* Note: gay man babies = laptop + cat
So we're all standing around, watching the firemen take an elevator up to the maybe-fire (which I thought was a fire-safety sin, but what do I know?), some of us in post-work-pajamas, some of us in states of anger and disbelief, and some of us sipping from swirly straws feeling kind of amused about the whole thing.
And I start playing "meet the neighbours" with a guy who's standing off by himself in a hoodie and a puffy vest, looking like he maybe had better plans than watching his building go down in flames tonight.
Actually, he admits, he'd been home sick from work all day. The fire thing is kind of a pain in the ass, as he'd had to peel himself off the couch and actually mobilize. Rory and I volunteer brilliant information about ourselves, such as how I first came to meet the building's superintendent on my very first day as a tenant because I'd turned on the taps in my shower and then couldn't turn them back off, and how Rory had had a similar near-fire incident when she'd accidentally let a pot of carrots boil all the way down, scorching the pot, which she then for some unnamable reason placed on a carpet, thus burning a hole right through it.
Brilliant way to introduce ourselves, no?
Eventually the fire fighters exit the building unheroically, no women strewn over any shoulders, not even a scared kitty reunited with joyful owners, and even more disappointingly, none drop trou or so much as remove a shirt to reveal achingly chiseled pecs and a waxed-smooth toned torso as those calendars would have you believe.
So, Rory and I race up the stairs although at this point the chinese food can't get any colder. The night has derailed nicely and as we pass the chicken balls and red sauce between us, we debate who should tell which parts when we inevitably drunk-dial some lucky friend to tell them of our night's events.
But then we get stuck on one salient point: the guy. The guy named _______. Who lived on the ______ floor. Who told us his job was _________ and originally came from _______ and had moved to the building last ________.
And then I pointed out to Rory that she'd actually been with me on one of my patented randomly-meeting-people adventures, and look how badly we'd done! He should have been eating gross egg rolls with us right that very moment, but we had failed.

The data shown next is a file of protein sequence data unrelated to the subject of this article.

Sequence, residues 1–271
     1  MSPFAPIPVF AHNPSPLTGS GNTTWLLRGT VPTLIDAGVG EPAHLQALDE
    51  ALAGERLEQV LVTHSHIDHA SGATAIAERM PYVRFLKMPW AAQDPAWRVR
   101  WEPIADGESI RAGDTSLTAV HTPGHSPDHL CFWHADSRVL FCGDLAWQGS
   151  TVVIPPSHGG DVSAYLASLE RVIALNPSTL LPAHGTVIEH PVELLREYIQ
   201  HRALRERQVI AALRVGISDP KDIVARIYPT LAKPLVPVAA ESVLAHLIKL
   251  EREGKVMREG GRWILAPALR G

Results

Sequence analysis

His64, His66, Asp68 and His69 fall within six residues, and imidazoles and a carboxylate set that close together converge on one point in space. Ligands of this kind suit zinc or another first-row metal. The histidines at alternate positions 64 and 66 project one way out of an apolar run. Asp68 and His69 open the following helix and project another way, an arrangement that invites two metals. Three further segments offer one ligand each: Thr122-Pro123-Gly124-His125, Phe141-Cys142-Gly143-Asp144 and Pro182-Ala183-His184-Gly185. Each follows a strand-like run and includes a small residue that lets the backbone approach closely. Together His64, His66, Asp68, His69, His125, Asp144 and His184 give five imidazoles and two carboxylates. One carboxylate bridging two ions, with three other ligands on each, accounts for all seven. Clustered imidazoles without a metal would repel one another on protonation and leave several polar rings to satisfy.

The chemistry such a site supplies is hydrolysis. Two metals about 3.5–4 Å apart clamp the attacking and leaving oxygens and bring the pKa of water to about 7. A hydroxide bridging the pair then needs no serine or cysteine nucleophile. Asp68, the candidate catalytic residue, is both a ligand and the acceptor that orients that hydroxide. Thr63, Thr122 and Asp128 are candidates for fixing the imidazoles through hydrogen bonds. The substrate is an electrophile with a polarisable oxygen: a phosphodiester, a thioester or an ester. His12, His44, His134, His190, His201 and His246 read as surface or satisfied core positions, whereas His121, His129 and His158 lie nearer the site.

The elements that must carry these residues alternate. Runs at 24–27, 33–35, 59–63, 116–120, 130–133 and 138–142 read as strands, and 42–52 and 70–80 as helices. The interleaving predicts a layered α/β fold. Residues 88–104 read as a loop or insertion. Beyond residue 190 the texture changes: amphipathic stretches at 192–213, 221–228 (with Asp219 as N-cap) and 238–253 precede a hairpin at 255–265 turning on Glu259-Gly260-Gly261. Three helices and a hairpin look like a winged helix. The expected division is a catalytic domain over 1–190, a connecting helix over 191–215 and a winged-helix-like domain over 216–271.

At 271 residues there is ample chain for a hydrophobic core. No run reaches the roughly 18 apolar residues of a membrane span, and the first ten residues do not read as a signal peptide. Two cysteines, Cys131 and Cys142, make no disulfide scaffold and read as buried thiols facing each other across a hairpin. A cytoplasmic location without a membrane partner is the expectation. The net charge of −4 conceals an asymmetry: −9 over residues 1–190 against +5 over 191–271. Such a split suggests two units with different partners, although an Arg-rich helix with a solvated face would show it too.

Well, not quite failed, not yet.
I got out the construction paper and the markers, and we went to town.
An hour later, we were making asses out of ourselves, papering the building with our posters: the mail room, the elevators, the stairwell, the front lobby. We were thorough. We put up whatever random facts we could agree on, and offered some of ours in return (Gushing shower girl and burnt carrot girl want to see you again!). We hoped that he possessed a sense of humour, or at least felt kindly disposed towards stalkers.
"Only people in the movies do this kind of thing" we agreed, but did it anyway, not quite capable of the stealthiness we strove for. It didn't matter if it didn't work, the fun was just in doing it, and enjoying it, and seizing the little joys that life puts in your path.
We hugged as we parted, as we always do.
"When are we doing this again?" she asked.
I'm pretty sure we'll never have an exact repeat of the night, and that's okay. I'm also pretty sure that life still has plenty of surprises left for both of us, and that those surprises tend to multiply in magnitude when we come across them together. And I'm delighted that our twosome seems destined to become a trio since the guy was very quick to respond to the posters and doesn't want to wait until the next fire to do it again.